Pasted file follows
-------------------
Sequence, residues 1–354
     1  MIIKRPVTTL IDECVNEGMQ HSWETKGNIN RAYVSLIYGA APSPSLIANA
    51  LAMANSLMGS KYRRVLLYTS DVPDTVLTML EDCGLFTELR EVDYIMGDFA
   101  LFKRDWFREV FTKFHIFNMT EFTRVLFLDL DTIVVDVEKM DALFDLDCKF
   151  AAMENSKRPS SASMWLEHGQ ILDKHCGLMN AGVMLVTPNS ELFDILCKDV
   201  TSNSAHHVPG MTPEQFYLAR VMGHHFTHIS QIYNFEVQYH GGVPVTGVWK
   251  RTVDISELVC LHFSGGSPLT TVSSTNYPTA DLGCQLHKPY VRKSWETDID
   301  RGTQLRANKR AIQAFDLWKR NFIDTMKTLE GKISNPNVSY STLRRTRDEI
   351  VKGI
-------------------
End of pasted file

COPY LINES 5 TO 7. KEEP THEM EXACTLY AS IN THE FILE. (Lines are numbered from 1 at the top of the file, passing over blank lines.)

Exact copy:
   151  AAMENSKRPS SASMWLEHGQ ILDKHCGLMN AGVMLVTPNS ELFDILCKDV
   201  TSNSAHHVPG MTPEQFYLAR VMGHHFTHIS QIYNFEVQYH GGVPVTGVWK
   251  RTVDISELVC LHFSGGSPLT TVSSTNYPTA DLGCQLHKPY VRKSWETDID